Intravenous drug use is currently the main transmission route of hepatitis C virus (HCV) infection in the Western world.1–5 The prevalence in intravenous drug users varies between 35% and 95%.6 Thus, intravenous drug users with HCV represent a relevant public health problem. Combination therapy with pegylated interferon α and ribavirin induces sustained viral responses in treatment-naive patients of 35% to 85%, depending on HCV genotype and HCV viral load.7, 8 Due to these success rates and the convenience of a once weekly injection of pegylated interferons, the acceptance of interferon based therapies has grown with physicians and patients, despite significant treatment-related adverse events. However, individuals with active substance abuse are generally not considered eligible for interferon-based therapy because of poor compliance and the priority of treating the addiction first. Yet some physicians treat patients on opioid maintenance therapy with interferon-based therapies despite the unavailability of clinical trial data to support this practice. Consequently, the present study examines, in a prospective controlled setting, the efficacy and tolerability of pegylated interferon α plus ribavirin in patients with or without methadone maintenance.
We examined the feasibility of hepatitis C treatment in patients on opioid maintenance. One hundred patients with chronic hepatitis C, 50 on methadone maintenance, and 50 with no intravenous drug use or opioid maintenance for at least 5 years were prospectively matched for sex, age, hepatitis C virus (HCV) genotype and HCV RNA. The primary end point was undetectable HCV RNA at 24 weeks posttreatment. Treatment with peginterferon alfa-2b (1.5 μg/kg per week) and ribavirin (1000-1200 mg /day) was initiated for 24 weeks (HCV genotype 2, 3) or 48 weeks (HCV genotype 1, 4). Within the first 8 weeks of therapy, discontinuation due to noncompliance or patient request was observed in 22% (11/50) in the methadone group versus 4% (2/50) in the control group (P = .02). After 8 weeks, there was no significant difference in discontinuation due to noncompliance or patient request (4/39 [10%] vs. 4/48 [8%]). There was no difference in discontinuation of therapy because of viral failure or adverse events (10/50 methadone vs. 6/50 control, P = .41). At the end of treatment, 50% (25/50) in the methadone group and 76% (38/50) in the control group had undetectable HCV RNA (P = .01). Sustained viral response was 42% (21/50) in the methadone group and 56% (28/50) in the control group (P = .16). No serious psychiatric event occurred in either group. In conclusion, peginterferon and ribavirin seem reasonably safe and sufficiently effective in patients on methadone maintenance. Patients discontinuing therapy due to noncompliance or request did so early, thereby limiting the cost of an unsuccessful approach to treatment. (HEPATOLOGY 2004;40:120–124.)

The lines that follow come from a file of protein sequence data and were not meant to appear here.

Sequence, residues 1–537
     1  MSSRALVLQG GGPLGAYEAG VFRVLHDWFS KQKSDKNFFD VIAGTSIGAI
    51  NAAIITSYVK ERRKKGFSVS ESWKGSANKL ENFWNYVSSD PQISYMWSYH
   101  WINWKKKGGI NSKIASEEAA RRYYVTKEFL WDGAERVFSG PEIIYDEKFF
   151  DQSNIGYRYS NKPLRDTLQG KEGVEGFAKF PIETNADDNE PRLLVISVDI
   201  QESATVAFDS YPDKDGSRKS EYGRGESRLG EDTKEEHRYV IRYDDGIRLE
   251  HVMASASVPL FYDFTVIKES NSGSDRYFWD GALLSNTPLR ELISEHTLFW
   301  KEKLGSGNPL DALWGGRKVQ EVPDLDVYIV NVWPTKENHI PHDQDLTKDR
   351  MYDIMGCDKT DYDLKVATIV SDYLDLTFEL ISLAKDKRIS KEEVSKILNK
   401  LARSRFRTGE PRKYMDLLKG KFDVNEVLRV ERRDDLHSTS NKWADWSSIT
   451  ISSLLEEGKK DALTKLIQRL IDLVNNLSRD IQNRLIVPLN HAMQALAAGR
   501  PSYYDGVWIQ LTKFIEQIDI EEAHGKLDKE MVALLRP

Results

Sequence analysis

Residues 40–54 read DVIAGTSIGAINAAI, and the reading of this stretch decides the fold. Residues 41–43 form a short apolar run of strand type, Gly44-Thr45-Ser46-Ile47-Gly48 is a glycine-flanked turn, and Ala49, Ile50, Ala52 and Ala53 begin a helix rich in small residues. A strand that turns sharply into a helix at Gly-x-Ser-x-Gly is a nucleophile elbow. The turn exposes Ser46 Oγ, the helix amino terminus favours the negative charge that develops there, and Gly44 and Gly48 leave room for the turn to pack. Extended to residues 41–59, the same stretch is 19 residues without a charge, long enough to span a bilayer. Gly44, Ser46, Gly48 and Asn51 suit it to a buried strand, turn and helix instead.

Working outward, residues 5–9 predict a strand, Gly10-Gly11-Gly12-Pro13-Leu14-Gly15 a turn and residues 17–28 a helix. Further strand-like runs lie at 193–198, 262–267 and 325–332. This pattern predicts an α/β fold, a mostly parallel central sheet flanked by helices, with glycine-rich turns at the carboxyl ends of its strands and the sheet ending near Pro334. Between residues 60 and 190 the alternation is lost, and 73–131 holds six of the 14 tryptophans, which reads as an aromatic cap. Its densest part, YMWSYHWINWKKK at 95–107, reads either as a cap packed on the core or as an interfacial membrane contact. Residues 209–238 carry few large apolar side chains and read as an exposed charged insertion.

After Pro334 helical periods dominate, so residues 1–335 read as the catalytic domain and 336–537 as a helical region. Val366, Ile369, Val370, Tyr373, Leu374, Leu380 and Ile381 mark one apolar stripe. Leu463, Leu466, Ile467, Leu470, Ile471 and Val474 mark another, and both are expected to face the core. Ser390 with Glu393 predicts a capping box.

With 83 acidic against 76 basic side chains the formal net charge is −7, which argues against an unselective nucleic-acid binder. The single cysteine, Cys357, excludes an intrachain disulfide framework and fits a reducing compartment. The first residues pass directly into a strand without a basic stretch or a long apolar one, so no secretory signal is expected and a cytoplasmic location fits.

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Patients and Methods
Because a randomized trial in a setting comparing patients on opioid maintenance with patients not on opioid maintenance as controls is not feasible, we chose a prospectively matched population study design. To be included in the methadone maintenance group, patients had to have been on stable methadone maintenance without the concomitant use of illicit drugs for 6 months. To be enrolled in the control group, patients had to have no history of intravenous drug use, illicit drug use, or opioid maintenance therapy for ≤5 years. Patients who had ongoing illicit drug use, a history of seizures, or a history of psychiatric disorders requiring hospitalization (other than for illicit drug use) were excluded from both groups. Concomitant drug use was excluded by weekly drug screening of urine. Fifty patients on methadone maintenance were enrolled consecutively; for each of these, a control patient was prospectively matched for sex, age, HCV genotype and HCV RNA.
All patients were treated with pegylated interferon α-2b (1.5 mg/kg body weight) and ribavirin dosed at 1000 mg (<75 kg body weight) and 1200 mg (>75 kg body weight). Treatment duration was 48 weeks for patients with HCV genotypes 1 and 4 and 24 weeks for HCV genotypes 2 and 3.
Paracetamol was the preferred drug to treat flulike adverse effects of interferon based therapy; doxepin, citalopram, and paroxetine were the preferred antidepressants—prescribed according to the judgment of the treating physician—in cases of clinically relevant depressive mood disorders.
The primary end point of the prospective controlled intent-to-treat analysis was sustained viral response to interferon-based therapy defined as an HCV RNA less than 50 IU/mL at 24 weeks posttreatment (AMPLICOR HCV v2.0, Roche Molecular Systems, Branchburg, NJ).